Katherine Sanger 

      5 years ago from Texas

      I admit; I still love fast food at times. I don't think it's bad in moderation, and one way to help reduce how much I eat is to order the kid's meals. It means less junk food, costs less, and limits your options a lot more, making it easier to give it up. For a while, I would eat it once a week; now it's more like once every few months.

    • MKayo profile imageAUTHOR


      5 years ago from Texas

      Botipton - thanks for the read and nice comments. Glad to hear you're off fast food!

    • botipton profile image

      Bo Tipton 

      5 years ago from Cecilia, KY

      Very important hub. We made the switch away from fast food a couple of years ago. Now we only eat fast food when we are away from home and it is eat something now time.

    • MKayo profile imageAUTHOR


      5 years ago from Texas

      Peachpurple - Appreciate the read and positive comments. Glad to know this info has caused a change for the better in you! Best, M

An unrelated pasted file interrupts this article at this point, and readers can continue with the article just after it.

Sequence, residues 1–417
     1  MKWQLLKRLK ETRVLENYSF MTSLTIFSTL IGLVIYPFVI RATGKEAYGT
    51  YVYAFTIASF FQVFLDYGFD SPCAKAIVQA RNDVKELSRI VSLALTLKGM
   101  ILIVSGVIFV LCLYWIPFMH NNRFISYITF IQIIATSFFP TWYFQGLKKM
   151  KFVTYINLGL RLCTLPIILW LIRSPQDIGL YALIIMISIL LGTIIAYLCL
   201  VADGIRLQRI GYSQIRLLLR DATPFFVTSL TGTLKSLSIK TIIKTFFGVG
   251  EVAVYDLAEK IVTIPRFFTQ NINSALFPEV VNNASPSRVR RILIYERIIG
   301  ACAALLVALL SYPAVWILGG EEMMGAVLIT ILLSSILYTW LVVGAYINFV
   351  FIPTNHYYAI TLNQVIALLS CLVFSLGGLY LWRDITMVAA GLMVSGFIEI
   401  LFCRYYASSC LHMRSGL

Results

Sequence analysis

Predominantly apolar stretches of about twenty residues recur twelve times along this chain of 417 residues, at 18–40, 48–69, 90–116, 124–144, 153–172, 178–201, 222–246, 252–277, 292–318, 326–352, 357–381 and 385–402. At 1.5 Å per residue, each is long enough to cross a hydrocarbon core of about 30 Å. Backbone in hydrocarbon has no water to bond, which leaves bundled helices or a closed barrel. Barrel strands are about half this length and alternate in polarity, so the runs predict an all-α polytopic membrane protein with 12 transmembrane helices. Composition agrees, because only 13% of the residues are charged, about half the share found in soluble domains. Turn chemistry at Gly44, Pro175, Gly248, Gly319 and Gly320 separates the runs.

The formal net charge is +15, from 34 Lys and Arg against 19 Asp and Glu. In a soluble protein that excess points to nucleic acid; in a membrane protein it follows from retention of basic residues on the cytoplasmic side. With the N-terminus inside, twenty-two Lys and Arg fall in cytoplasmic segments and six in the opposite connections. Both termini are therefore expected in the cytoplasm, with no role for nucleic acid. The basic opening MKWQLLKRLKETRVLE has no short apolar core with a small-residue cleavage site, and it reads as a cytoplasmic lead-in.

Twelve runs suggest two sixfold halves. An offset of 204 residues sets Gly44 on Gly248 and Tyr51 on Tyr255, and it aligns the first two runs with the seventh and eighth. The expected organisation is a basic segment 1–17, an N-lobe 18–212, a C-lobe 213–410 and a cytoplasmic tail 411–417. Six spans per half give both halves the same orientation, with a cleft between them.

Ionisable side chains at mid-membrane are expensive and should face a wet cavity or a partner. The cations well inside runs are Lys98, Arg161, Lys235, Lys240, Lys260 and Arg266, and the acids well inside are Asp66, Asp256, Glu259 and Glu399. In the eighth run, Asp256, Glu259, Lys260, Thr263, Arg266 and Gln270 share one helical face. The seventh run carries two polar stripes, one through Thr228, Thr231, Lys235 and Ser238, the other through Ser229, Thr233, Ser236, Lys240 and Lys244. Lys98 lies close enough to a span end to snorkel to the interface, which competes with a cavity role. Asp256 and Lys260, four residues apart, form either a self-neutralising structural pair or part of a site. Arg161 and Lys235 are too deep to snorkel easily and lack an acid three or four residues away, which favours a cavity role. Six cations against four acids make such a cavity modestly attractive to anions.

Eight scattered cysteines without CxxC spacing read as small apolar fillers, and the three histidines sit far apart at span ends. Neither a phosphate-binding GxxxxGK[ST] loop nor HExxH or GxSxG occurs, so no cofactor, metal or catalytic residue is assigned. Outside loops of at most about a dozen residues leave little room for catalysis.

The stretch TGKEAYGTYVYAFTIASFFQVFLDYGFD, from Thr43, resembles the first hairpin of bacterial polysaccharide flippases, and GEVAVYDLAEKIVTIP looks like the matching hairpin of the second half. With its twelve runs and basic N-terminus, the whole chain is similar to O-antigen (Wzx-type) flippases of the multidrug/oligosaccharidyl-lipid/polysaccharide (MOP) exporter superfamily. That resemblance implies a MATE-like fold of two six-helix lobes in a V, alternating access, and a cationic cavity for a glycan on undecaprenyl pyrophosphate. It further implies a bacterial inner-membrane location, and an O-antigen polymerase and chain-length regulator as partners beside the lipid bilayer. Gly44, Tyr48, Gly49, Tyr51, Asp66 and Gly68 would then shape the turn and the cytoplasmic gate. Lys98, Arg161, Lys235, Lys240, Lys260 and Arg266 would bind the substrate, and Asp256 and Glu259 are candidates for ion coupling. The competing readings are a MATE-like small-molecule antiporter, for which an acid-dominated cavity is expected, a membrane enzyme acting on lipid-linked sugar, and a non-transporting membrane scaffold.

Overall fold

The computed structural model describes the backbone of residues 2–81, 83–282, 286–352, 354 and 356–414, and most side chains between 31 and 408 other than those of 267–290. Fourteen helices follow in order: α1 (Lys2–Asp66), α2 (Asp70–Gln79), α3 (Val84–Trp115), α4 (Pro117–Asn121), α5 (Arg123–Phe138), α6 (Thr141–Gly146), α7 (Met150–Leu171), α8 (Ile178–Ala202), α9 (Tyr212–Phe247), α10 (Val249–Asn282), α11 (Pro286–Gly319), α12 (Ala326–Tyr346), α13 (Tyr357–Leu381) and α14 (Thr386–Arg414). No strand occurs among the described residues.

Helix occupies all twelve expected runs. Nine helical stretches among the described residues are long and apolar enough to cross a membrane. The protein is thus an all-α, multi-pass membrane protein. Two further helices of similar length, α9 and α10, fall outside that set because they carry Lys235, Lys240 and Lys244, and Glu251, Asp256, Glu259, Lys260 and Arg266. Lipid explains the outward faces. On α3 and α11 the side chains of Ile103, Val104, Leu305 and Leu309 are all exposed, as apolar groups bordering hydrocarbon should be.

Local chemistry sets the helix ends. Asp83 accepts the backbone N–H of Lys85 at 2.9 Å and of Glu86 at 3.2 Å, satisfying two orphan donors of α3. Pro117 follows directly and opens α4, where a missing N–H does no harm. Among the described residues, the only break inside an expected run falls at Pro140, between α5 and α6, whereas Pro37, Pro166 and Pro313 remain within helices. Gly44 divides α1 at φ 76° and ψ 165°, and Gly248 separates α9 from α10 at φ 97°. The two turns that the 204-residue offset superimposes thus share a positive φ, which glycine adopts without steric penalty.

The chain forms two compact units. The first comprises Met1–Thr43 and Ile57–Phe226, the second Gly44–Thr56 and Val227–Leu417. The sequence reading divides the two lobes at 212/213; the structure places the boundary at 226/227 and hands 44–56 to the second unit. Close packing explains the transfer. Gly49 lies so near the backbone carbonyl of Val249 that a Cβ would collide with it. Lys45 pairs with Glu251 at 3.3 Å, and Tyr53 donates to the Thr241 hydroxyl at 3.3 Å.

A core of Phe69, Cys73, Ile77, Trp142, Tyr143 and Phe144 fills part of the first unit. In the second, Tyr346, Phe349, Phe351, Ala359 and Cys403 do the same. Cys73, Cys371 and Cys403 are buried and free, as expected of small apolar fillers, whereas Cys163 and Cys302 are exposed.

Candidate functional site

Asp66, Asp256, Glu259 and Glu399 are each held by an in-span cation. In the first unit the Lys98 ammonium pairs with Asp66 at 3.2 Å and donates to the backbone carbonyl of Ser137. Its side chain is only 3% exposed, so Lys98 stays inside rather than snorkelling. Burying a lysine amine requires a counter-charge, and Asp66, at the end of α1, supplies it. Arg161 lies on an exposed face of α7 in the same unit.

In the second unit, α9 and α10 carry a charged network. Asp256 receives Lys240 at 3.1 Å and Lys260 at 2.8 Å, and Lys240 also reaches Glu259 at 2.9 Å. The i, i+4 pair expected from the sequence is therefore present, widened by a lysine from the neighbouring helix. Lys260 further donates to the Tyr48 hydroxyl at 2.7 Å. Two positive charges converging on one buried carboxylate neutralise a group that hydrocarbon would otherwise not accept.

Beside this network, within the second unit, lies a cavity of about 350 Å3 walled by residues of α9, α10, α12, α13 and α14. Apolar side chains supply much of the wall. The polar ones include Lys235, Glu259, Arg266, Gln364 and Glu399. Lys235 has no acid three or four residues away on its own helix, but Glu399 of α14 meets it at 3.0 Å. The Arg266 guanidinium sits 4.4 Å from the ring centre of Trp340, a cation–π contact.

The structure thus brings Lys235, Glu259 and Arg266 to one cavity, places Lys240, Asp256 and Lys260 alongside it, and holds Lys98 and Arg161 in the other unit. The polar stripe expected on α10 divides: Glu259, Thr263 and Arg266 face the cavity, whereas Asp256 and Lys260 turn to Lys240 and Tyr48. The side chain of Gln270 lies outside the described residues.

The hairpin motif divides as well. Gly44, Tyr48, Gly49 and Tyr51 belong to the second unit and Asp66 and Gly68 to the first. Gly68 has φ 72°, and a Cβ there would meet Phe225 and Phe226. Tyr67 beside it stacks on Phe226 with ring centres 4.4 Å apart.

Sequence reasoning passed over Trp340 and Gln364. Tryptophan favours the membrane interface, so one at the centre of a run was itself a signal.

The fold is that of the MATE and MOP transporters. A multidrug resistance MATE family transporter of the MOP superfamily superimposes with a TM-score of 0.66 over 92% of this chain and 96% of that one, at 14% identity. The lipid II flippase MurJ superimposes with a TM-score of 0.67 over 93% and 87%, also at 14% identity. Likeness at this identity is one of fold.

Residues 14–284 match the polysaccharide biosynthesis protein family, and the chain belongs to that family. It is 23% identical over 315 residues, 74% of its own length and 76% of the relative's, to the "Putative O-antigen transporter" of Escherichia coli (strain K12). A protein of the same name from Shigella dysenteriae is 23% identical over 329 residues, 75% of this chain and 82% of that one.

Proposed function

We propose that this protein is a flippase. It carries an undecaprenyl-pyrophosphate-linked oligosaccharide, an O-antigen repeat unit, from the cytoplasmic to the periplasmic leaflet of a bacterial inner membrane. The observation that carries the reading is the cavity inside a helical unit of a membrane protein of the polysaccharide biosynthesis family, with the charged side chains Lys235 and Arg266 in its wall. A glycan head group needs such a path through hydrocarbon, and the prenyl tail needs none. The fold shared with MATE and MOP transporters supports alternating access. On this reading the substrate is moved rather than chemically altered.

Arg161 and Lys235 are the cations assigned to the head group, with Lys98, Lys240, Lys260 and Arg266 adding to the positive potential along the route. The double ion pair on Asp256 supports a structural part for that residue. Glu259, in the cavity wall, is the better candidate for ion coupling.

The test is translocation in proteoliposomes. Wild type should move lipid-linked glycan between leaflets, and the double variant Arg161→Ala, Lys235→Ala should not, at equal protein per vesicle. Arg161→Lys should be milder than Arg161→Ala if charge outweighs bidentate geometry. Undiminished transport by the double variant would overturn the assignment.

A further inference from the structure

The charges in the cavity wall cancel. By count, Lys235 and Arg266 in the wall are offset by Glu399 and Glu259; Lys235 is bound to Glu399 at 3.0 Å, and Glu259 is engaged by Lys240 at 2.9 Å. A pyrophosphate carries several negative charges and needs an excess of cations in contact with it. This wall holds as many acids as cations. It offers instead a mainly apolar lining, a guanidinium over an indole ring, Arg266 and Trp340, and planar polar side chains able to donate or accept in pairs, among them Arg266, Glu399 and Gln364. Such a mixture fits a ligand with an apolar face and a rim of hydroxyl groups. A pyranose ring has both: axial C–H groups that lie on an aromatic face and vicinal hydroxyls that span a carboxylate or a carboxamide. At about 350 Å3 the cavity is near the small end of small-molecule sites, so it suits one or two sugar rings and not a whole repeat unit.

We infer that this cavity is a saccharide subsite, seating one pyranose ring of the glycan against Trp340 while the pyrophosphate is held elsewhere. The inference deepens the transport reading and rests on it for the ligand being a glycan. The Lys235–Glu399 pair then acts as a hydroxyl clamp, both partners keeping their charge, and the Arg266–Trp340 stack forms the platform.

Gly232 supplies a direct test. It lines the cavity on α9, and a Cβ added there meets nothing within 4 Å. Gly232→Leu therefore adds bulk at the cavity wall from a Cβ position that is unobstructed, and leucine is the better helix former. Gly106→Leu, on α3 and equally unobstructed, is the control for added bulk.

• peachpurple profile image


      5 years ago from Home Sweet Home

      i eat fast food once a month. Yeah i heard lots of stories behind the origin of how the food is being prepared and the high calories, cholesterol, disease, obese, weight increase....many more. Just for the kick, once a month, a burger and fries. Will try to cut down next year. Great job

    • MKayo profile imageAUTHOR


      5 years ago from Texas

      bb - Thanks for the read. I always look forward to your kind comments on my work!

    • billybuc profile image

      Bill Holland 

      5 years ago from Olympia, WA

      I gave up fast food about three years ago. I might stop three or four times a year now instead of weekly....huge savings in money and I just feel better. Important hub my friend; good job!


    This website uses cookies

    As a user in the EEA, your approval is needed on a few things. To provide a better website experience, uses cookies (and other similar technologies) and may collect, process, and share personal data. Please choose which areas of our service you consent to our doing so.